There are a few islands in this lake of corn syrup. Leah Katz-Hernandez, a young deaf woman who worked first on Mrs. Obama’s communications staff and later as a receptionist in the West Wing, writes movingly about her complicated reactions when her rather patronizing coworkers compared her to Joey Lucas, the fictional deaf political pollster played by Marlee Matlin on West Wing, the television series. Katz-Hernandez is also one of the rare contributors who displays a genuine flair for prose style—although I wish she hadn’t declared that one of her own favorite writers was the hack Obama idolater (and, of course, White House visitor) Ta-Nehisi Coates.
I also liked the above-mentioned Brad Jenkins—although I liked his father even better, described here as a Fox News-watching, government-distrusting Army-vet black Republican who laughed uproariously when his son told him over the phone that he’d gotten a job at 1600 Pennsylvania Avenue. The younger Jenkins came to the White House—yes, the Office of Public Engagement again—in 2013 after working on the President’s successful reelection campaign the year before. Jenkins’s job title was “liaison to the creative community.” In practical terms, that meant the thankless task of enlisting entertainment celebrities to persuade underemployed millennials to sign up for Obamacare, then in its nascent stages, so their oversized premiums could subsidize the older and the sicker.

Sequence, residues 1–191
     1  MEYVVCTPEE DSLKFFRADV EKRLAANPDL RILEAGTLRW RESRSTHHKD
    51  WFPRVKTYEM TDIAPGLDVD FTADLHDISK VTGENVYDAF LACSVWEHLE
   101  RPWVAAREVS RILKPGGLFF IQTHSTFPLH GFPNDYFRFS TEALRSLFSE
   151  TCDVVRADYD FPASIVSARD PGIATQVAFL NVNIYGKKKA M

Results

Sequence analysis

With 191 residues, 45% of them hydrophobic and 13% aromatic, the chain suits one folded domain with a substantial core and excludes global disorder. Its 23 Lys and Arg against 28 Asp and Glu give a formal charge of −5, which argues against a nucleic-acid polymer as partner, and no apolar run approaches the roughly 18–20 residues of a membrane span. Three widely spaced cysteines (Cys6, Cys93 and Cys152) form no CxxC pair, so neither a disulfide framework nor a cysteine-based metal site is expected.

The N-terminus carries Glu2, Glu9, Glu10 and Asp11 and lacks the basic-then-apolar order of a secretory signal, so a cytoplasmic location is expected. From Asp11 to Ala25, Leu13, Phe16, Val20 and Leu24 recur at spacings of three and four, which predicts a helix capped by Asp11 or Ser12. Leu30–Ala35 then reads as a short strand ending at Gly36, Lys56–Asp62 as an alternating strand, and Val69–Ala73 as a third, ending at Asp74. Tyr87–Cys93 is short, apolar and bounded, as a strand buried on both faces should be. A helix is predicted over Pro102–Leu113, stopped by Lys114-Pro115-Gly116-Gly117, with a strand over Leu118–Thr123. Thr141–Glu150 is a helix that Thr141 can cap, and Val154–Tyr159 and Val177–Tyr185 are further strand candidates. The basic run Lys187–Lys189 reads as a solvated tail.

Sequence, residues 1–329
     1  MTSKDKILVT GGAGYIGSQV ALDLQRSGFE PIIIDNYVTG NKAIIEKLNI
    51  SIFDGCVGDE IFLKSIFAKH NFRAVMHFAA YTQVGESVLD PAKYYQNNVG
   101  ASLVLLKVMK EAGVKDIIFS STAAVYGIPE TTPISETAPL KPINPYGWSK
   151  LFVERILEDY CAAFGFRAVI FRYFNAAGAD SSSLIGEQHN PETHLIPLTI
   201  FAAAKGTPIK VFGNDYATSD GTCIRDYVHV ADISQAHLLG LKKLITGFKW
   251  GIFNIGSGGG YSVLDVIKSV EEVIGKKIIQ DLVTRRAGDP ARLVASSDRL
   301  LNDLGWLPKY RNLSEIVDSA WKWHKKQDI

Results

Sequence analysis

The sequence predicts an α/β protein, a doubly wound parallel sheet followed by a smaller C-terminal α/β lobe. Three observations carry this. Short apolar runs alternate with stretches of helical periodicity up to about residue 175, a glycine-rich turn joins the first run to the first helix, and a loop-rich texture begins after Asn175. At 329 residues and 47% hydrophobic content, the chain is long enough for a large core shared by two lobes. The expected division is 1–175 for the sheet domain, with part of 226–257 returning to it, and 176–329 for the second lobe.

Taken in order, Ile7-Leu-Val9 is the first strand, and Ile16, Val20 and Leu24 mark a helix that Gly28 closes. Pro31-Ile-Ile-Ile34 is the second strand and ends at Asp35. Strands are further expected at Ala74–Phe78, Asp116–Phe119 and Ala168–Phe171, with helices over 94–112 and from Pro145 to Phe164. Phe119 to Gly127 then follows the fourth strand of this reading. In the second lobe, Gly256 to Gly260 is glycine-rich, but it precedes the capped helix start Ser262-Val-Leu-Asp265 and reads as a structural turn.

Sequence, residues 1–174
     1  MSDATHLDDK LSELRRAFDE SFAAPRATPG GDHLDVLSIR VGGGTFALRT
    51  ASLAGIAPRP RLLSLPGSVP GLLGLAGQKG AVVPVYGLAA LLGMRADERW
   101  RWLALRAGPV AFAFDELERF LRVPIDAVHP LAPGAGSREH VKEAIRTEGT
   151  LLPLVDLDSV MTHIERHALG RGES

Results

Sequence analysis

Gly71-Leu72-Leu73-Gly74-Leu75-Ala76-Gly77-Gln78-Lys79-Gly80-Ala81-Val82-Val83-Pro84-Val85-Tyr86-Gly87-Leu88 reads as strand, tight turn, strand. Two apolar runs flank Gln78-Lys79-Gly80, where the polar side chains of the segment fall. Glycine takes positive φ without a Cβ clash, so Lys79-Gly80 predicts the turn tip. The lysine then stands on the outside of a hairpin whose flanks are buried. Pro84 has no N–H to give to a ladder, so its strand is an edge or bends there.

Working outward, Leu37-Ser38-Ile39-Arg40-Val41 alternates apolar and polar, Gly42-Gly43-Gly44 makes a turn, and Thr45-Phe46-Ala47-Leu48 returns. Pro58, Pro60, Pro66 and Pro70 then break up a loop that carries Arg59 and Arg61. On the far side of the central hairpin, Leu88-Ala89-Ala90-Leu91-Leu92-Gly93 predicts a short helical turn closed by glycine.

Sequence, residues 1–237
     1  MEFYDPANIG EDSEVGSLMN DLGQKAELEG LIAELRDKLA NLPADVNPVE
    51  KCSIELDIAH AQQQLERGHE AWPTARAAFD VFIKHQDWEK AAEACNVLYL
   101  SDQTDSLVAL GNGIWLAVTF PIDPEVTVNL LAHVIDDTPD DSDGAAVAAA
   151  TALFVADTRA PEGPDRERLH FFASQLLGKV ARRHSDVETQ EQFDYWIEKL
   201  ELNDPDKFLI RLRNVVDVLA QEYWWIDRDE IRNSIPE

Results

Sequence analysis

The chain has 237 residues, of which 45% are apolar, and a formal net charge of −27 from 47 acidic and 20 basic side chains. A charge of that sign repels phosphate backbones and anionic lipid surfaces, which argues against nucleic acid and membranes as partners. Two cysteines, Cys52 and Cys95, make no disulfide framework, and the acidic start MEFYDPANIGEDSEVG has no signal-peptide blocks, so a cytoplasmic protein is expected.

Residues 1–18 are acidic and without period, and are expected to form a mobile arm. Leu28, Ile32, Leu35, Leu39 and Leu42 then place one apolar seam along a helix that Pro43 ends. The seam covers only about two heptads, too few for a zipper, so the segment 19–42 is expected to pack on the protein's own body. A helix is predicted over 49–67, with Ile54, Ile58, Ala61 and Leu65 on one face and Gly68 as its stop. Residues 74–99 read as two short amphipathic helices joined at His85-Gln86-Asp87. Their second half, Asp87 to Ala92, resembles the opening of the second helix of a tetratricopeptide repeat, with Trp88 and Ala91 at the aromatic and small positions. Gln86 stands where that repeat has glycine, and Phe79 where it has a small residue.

The coup that Jenkins reports achieving was talking Boss Jarrett into having President Obama appear on Between Two Ferns with Zach Galifianakis, the parody celebrity-interview series on the youth-beloved website funnyordie.com. The March 2014 interview was a huge success, generating 30 million views in its first week and an impressive number of click-throughs to the Obamacare website. The only problem (which Jenkins skips over) was that actual millennial enrollment in Obamacare continued to lag substantially, until Trump and the GOP Congress in 2017-2018 killed incentives to join by effectively eliminating the penalties for noncompliance. Still, you have to give Jenkins credit for trying.
It’s nice to know that the 44th President, his First Lady, and even his senior advisor were so uncritically adored. But I can’t help raining a little cynicism on this adulation parade. The race for the Democratic nomination for the presidency is in shambles right now, with exhausted ancients such as Joe Biden and Bernie Sanders battling charmless upstarts such as Kamala Harris and Cory Booker. Let me here predict a convention intervention. While the 22nd Amendment might bar Barack Obama from a third term, it says nothing about his spouse. And should Michelle Obama become the 46th commander-in-chief in 2021, she will have a resumé book of 18 seasoned and, above all, devoted potential employees right at hand.